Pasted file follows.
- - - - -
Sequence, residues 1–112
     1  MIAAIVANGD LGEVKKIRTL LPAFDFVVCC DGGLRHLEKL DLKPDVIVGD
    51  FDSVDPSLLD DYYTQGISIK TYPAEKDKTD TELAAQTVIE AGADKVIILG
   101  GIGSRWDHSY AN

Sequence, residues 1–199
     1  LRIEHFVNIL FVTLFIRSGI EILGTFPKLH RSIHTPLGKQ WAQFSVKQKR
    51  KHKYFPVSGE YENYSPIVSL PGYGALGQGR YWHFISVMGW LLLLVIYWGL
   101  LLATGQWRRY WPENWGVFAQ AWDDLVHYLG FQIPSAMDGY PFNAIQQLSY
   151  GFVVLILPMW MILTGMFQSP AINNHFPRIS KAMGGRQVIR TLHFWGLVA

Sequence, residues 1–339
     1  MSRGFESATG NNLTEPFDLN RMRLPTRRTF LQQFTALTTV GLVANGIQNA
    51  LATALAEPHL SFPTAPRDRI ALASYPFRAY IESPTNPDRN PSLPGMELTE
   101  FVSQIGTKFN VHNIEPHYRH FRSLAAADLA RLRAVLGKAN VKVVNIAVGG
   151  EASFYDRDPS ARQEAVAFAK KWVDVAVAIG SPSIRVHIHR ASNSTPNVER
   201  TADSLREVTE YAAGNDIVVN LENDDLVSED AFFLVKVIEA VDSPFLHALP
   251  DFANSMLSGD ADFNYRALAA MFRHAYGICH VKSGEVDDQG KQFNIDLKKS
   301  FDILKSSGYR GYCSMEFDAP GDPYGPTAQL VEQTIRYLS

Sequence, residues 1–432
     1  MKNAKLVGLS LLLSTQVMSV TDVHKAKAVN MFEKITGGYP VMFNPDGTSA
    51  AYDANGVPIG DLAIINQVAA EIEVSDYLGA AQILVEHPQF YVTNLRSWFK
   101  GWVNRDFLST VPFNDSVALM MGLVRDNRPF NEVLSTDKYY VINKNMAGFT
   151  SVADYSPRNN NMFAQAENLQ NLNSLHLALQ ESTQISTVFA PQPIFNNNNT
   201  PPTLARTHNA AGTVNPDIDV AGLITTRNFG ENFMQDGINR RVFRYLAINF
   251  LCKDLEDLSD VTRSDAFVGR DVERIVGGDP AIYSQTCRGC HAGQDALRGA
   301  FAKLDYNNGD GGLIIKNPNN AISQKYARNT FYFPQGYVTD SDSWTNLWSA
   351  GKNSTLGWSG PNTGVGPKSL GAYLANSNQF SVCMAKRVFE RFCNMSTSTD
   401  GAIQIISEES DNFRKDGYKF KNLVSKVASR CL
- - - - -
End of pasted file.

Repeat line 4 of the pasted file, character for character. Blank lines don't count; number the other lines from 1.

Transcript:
   101  GIGSRWDHSY AN